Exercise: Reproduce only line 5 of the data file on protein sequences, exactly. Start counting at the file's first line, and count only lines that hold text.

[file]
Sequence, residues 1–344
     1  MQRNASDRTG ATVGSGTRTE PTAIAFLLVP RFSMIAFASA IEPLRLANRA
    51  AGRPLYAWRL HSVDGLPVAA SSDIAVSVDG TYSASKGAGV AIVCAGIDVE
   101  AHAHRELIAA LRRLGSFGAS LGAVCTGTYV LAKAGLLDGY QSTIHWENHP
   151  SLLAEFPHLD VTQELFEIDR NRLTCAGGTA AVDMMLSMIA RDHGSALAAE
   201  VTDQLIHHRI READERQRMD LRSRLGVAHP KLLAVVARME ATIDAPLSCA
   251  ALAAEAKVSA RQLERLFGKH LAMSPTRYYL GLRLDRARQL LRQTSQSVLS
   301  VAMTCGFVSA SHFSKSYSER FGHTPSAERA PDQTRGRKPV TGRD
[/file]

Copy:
   151  SLLAEFPHLD VTQELFEIDR NRLTCAGGTA AVDMMLSMIA RDHGSALAAE